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GCS teachers, parents, and staff call for NC legislators to pass stalled budget

The group urged government leaders to increase funding to fix broken air conditioning systems, repair damaged buildings, and increase pay for staff.

GUILFORD COUNTY, N.C. — The Guilford County Association of Educators held a press conference Sunday calling on state lawmakers to pass the stalled state budget and include increased funding for school building repairs, a support staff pay of at least $15 per hour, and raising teacher pay.

The group included a Guilford County Schools parent, students, teacher, counselor, and librarian. They gathered outside Smith High School, one of three public schools in the district that sent students home last week due to broken air conditioning systems in the hot North Carolina summer heat.

Speakers discussed teacher, bus driver, and support staff shortages, as well as school renovation delays.

“Today we are asking lawmakers to make a true commitment to our schools,” Kenya Donaldson, GCAE president, said at the start of Sunday’s press conference. “In Guilford County students are losing instruction time due to school closures around our aging buildings and failing HVAC systems."

The two-year state budget was supposed to be in place by July 1. The NC senate passed its plan late June, and the house followed in early August. Besides differences in political opinion, lawmakers have said unexpected billions in tax collections and COVID stimulus money have added complexities to budget planning.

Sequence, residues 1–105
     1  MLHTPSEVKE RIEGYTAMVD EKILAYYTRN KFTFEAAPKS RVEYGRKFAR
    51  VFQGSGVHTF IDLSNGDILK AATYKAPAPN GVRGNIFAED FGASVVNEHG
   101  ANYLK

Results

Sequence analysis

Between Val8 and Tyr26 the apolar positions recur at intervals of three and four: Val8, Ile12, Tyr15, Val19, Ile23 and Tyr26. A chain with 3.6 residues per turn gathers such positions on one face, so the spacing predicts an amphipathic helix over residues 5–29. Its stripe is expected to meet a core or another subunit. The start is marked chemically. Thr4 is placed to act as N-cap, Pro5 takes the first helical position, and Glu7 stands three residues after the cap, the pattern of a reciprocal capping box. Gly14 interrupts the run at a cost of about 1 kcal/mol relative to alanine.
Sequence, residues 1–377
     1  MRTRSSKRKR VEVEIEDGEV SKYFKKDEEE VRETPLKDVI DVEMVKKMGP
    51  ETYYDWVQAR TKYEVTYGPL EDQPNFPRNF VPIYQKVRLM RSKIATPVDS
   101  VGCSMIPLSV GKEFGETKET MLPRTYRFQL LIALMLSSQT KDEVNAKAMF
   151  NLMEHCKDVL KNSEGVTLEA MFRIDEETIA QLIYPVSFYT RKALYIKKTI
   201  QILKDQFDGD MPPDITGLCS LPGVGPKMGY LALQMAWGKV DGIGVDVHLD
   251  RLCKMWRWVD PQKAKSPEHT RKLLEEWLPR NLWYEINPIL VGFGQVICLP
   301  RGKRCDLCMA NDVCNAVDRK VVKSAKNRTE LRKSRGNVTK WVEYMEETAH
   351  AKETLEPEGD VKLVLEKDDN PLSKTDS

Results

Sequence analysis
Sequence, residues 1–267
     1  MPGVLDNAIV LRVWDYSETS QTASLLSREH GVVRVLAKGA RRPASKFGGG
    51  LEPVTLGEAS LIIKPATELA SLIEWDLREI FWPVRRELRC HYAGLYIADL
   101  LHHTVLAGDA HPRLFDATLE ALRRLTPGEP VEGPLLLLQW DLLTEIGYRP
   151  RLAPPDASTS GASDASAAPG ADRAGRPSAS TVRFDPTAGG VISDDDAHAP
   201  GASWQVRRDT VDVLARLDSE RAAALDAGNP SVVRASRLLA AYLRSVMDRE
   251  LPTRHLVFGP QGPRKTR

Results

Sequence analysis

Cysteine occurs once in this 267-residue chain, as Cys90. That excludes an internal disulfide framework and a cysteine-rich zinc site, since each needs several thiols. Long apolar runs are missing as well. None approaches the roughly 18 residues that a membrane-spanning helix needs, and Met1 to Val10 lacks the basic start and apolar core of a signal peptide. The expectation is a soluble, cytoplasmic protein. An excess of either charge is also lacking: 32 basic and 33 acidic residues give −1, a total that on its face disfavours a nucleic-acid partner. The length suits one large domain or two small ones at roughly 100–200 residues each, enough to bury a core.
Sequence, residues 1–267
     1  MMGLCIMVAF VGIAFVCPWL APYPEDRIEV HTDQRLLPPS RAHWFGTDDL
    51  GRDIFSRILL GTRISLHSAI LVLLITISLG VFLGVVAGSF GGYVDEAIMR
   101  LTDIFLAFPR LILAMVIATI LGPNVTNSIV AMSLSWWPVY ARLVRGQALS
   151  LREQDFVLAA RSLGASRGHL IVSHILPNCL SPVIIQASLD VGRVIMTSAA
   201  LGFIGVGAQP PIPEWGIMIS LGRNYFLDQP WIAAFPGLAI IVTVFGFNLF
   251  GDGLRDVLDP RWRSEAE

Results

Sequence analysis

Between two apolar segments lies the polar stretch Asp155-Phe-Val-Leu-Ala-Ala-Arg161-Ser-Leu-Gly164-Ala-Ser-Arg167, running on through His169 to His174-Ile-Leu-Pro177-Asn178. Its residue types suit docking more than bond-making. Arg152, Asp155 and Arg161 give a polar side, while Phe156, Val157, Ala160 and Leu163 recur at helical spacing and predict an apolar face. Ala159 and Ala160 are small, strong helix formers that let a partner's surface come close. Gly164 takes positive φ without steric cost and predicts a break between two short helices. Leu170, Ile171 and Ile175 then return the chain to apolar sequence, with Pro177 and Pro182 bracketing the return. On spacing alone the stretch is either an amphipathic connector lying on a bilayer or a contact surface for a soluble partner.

Currently, House and Senate leadership are in negotiations before the budget can be sent to Governor Cooper.

“We ask a school construction bond be put in place on the 2022 ballot for the people of North Carolina to have a voice regarding the state of school facilities,” Donaldson said.

Donaldson also spoke on the shortage of teachers in the state.

“Earlier this summer, the U.S. Department of Education predicted a statewide shortage of teachers in North Carolina,” she said. “Every child deserves a well-qualified teacher in all of their classrooms regardless of where they live and their family income…a staff shortage hurts our students.”

Kirsten Cassell, the parent of a student at Joyner Elementary, spoke about the hazards that faulty air conditioning has created for her children as well as other facility issues..

"We don’t drink the water at Joyner," Cassell said. "There is often mold in the hallways. Pipes have burst and flooded our schools. And the temporary fixes aren't able to keep the school mold free."

"The HVAC system is so old and so broke. It breaks every year. I have purchased multiple fans for teachers over the years. My kids routinely come home hot and sweaty," the mother added. "He became so overheated that he threw up. When I picked him up from school, his skin was warm to the touch, you could tell he felt horrible."

As WFMY reported this past week, Guilford County Schools is handling 700 work orders related to HVAC maintenance, and officials said it could be 10 years before the problem is fully solved due to lack of funding.

Amy Harrison, a special education teacher, said she was speaking on behalf of classified employees including teacher assistants, front office staff, custodians, bus driver, maintenance workers, and cafeteria workers. She called for raising the pay for non-certified school staff to at least $15 per hour.

"The years of low wages have contributed to the approximately 325 classified vacancies," Harrison said.

Shana Richards, GCAE Vice President and Counselor at Virtual Academy, expressed her frustration that the state budget has not yet been passed.

"It is shameful. These are problems that are easily solved. Problems solved by fully-funding our schools," said Richards. "They sit on a 6.5 billion dollar surplus."

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